The cheapest way to borrow money in an emergency

Payday lenders may be convenient, but the interest they charge can be extremely high. If you're not desperate for the money, it's an insane way to borrow, says Merryn Somerset Webb. Here, she explains how you can borrow just as conveniently for much less - or even nothing at all.

How happy would you be if you'd borrowed £200 for a couple of weeks to get your boiler fixed, and then found that you'd been charged an effective interest rate of 458%?

Not very happy, would be my guess. But that's not how Olly Stock told the Independent he felt when he did just that with payday loan company Speed-e-loans. Instead, he felt that the charges were "clear and reasonable". He says he "would definitely use the service again." Gosh.

Still, Stock isn't alone in thinking that there is nothing wrong with the payday loan market. The Office of Fair Trading has just finished looking into it and concluded that the market works "well" and that there is no need to impose caps on the charges.

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Why you should avoid payday lenders

We've looked at the payday loan market before and I'm not entirely sure we agree.

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It is absolutely true that the charges demanded by the sector are clear. Look on the website of say Wonga or Speed-e-loans and you'll be left in no doubt about how much your borrowings will cost you.

Wonga has a great little graphic that allows you to put in exactly how much you want to borrow for how many days. It then tells you immediately what this will cost you. Put in £200 for 20 days and you will be told that you'll repay the capital plus £46.04 in interest and fees. The total is clearly stated and you are also told in pretty big letters that the typical APR is 2689%.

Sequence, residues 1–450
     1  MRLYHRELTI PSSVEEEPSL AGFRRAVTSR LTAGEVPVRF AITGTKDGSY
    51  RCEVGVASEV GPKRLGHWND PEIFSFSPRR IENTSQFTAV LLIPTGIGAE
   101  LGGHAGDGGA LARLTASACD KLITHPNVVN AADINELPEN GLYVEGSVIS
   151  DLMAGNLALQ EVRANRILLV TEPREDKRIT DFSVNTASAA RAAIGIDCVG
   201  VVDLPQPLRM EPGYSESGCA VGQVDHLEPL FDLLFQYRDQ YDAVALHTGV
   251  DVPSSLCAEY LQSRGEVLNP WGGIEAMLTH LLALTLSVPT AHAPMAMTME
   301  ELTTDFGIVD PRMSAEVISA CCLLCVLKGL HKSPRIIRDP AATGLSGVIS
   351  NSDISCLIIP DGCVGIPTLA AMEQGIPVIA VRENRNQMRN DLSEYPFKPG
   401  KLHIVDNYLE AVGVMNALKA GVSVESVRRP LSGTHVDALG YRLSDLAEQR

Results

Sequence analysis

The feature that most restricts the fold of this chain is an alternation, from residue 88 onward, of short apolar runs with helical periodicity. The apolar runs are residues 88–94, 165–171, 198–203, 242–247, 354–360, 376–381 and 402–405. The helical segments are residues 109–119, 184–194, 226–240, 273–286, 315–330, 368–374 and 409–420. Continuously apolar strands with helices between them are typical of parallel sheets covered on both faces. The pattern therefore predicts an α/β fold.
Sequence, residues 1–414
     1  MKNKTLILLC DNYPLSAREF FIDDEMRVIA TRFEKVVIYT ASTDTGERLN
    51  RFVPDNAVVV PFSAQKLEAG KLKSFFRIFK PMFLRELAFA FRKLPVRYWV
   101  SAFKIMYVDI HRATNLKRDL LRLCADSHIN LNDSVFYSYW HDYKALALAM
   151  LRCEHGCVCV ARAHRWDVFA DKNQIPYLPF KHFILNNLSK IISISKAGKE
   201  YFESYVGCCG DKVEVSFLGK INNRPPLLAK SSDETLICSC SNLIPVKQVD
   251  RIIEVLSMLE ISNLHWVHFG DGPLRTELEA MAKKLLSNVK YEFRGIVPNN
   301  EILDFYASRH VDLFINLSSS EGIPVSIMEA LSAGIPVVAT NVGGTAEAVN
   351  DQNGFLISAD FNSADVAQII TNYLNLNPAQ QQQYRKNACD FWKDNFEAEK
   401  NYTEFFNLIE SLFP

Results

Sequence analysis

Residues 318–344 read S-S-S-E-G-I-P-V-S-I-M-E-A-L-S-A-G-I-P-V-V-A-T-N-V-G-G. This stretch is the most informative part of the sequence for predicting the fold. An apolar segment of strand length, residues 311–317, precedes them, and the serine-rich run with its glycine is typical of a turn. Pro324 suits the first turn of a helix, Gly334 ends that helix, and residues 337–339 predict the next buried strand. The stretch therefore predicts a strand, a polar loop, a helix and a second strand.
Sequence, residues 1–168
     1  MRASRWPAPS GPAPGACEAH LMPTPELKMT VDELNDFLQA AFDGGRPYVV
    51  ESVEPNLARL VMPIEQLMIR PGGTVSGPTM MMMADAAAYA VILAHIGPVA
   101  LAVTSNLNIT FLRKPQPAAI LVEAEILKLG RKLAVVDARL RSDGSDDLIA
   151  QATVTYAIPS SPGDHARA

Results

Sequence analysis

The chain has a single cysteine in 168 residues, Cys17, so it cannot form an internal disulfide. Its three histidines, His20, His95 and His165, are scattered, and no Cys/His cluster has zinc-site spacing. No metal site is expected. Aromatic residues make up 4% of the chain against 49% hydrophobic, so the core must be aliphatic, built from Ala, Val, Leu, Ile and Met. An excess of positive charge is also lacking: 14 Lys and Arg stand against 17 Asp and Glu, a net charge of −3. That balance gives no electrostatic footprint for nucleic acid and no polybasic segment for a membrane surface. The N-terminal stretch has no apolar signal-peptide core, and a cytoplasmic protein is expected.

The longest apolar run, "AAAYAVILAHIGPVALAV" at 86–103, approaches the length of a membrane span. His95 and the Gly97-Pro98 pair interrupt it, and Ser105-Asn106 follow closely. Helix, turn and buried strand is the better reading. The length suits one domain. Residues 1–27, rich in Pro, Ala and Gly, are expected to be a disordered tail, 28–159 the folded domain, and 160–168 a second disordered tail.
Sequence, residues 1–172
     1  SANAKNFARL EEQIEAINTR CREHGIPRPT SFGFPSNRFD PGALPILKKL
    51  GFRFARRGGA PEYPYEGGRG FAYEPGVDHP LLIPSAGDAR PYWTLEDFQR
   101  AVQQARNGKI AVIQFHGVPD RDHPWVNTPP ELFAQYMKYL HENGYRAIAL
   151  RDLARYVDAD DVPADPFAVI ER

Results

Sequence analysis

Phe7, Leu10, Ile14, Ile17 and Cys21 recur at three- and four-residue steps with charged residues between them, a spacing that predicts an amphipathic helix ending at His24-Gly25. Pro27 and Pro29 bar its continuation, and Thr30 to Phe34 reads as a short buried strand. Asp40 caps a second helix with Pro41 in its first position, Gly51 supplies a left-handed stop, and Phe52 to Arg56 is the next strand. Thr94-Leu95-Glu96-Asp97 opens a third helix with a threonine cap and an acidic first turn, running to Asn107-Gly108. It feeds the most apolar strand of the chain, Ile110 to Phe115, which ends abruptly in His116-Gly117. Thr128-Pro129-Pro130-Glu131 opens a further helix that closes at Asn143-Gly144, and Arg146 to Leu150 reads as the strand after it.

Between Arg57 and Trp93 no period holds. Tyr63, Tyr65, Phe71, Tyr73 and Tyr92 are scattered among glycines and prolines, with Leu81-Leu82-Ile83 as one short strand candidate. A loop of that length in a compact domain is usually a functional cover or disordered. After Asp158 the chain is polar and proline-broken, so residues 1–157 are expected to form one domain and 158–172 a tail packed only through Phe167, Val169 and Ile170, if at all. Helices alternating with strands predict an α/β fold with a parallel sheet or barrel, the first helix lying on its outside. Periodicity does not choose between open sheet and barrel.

That's all good the one thing I love about this industry is its honesty. And if you need money in a desperate hurry and you are going to be able to pay it back before things get out of control it's a straightforward way to borrow money.

However, if you aren't in any way desperate, it is a totally insane way to borrow money. Stock says that he doesn't often borrow money. He just waits until he has money before he buys things. That's very responsible.

But he should still have a credit card. Why? Because even if he isn't going to use it on a regular basis (and I am not suggesting he does), if he has a good one, he can use it to save himself some money next time his boiler breaks down.

Authorised overdrafts are cheaper than payday loans

The payday loan companies make great play from the fact that an overdraft can cost more than a payday loan. And, if the overdraft in question is unauthorised, that is almost certainly true. The average interest rate on an unauthorised overdraft is around 19.7%, but the charges are a killer.


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Go over your overdraft limit with the Halifax and you'll get charged £5 a day. You can argue about the rights and wrongs of this. But nonetheless that would mean that going over by £200 for 20 days would cost you not £46.04, but a shocking £100 going on double what Wonga would charge.